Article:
More festive season saving tips

By Staff Writer

Between all those party invitations and gifts to buy for family and friends, the urge to splurge is at its peak in the run-up to the festive season.

To avoid breaking the bank before the New Year even begins, consider these useful tips from Carl Fischer, chief executive for marketing and corporate affairs at Capitec Bank.

Tip: Check your debt-to-income ratio here. 

1. Draw up a budget

Few of us would dare attempt our Christmas shopping without at least a basic list, but it's equally important to take into account all holiday expenses – from gifts to travel, food and accommodation. This means you need to work out what you can afford before you spend.

If you count on your bonus or thirteenth cheque for your holiday funds, remember to factor in January's expenses, such as groceries and school fees - otherwise you run the risk of running out of money in the New Year. Budgeting will also help prevent your debit orders from bouncing, and thus avoid incurring additional bank charges.

2. Cash versus debit versus credit

With theft generally at its worst over the festive period, a debit card is safer - and more convenient - than carrying cash. And, because the money is immediately debited, it automatically stops you from spending more than you have.

Cash offers the spend-limit benefit to an even greater extent, since you can bring a set amount and end your shopping when it’s been depleted.

A credit card, on the other hand, is useful for larger purchases, such as a family holiday or an expensive gift. The downside is that you will be charged interest on the amount you borrow if it’s not settled within the interest-free period. This could end up costing you a lot more than the item prices.

3. Regularly check your bank statements

Unauthorised charges and reports of lost or stolen cards increase significantly during the holiday period, so it's important to regularly check your account and report unrecognised transactions immediately.

Online banking is not only the fastest way to review your account, it’s also the most secure.

4. Drawing cash

The most affordable way to draw cash is at the till of selected retail stores such as Pick n Pay. The next-best alternative for avoiding expensive fees is to use your own bank’s ATMs.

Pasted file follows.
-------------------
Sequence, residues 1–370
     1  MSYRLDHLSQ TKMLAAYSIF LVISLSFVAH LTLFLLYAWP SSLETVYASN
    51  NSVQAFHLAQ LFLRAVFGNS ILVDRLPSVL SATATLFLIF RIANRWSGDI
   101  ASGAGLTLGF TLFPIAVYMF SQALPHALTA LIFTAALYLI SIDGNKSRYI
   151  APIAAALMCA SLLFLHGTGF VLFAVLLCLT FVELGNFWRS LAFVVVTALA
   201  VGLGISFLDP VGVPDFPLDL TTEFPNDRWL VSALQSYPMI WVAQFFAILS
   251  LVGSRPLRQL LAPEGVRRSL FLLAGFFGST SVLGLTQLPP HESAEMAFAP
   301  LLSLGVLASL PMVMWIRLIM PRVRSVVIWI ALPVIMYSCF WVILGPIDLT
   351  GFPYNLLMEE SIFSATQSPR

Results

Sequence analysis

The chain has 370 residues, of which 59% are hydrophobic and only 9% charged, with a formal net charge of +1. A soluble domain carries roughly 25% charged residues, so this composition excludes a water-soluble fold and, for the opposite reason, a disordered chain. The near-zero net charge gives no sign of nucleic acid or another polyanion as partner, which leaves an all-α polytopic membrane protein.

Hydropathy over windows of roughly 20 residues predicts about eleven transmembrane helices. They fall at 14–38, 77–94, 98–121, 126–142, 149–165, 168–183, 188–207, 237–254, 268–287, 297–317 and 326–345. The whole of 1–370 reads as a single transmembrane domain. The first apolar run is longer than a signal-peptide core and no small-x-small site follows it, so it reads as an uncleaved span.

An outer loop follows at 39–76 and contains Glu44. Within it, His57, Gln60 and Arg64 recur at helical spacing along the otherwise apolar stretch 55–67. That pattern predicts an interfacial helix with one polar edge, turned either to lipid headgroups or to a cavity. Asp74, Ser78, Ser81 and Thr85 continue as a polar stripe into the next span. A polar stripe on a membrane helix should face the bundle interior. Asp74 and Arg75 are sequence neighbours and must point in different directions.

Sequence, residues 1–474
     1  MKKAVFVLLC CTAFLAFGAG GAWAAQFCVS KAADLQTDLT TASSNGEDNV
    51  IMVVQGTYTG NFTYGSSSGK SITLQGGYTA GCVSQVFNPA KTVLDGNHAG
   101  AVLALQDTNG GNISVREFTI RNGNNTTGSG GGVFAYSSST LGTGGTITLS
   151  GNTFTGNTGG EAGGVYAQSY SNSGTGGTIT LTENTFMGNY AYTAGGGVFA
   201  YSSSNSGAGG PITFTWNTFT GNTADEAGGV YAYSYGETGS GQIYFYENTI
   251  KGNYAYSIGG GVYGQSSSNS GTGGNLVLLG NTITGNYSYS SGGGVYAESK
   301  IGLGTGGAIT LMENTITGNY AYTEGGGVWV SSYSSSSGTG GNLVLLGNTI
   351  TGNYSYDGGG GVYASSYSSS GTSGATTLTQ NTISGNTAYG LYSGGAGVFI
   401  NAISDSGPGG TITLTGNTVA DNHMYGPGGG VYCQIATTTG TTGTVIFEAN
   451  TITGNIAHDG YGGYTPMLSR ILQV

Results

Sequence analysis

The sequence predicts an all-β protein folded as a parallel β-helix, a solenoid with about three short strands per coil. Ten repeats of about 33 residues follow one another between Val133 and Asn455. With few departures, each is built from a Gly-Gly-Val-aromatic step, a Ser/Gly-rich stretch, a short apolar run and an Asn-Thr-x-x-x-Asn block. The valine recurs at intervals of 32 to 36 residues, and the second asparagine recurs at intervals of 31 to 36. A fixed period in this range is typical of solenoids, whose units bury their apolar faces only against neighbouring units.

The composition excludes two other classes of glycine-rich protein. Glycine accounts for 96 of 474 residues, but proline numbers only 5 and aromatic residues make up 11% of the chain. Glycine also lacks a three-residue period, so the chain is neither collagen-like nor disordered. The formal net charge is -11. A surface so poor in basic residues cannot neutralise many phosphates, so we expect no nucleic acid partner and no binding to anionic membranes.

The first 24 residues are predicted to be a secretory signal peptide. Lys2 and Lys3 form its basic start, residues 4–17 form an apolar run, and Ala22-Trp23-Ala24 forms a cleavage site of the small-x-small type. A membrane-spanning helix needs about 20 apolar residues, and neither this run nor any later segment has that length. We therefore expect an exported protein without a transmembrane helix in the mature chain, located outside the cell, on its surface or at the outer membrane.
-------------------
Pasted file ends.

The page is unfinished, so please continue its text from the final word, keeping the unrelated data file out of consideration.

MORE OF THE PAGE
5. Empower your kids

The festive season is a great time to educate your kids about money. Whether they've already started saving or they are receiving a holiday allowance, help them plan their own Christmas shopping budget. This will teach them about the cost of living and encourage financial responsibility.

4. BYO (bring your own)

If you want to entertain family and friends but you need to sidestep the hefty price tag, consider hosting a potluck dinner where each guest is asked to bring along a dish for the meal.

Besides saving money, potluck dinners are a real time saver when it comes to shopping, cooking and cleaning up.

Recent Articles

Featured When should you invest rather than save?

Extra cash left at the end of the month? We have a look at the differences between saving and investing, and we find out how you should decide which one to pursue.

Investing for your retirement – which product to use?

Retirement annuities (RAs) and tax-free savings accounts (TFSAs) - which is better when planning for your retirement?

3 Reasons for early entry to a retirement village

Your parents may envision their golden years on the porch of your childhood home. However, it’s good to look at the benefits of joining a retirement village.

What do activist investors aim to achieve?

If you had the financial means to invest in a company so that you can enact the change you want to see in the world, would you do it? There is a growing group of individuals who would, and these are known as activist investors.

Latest Guide

Guide to debt rehabilitation solutions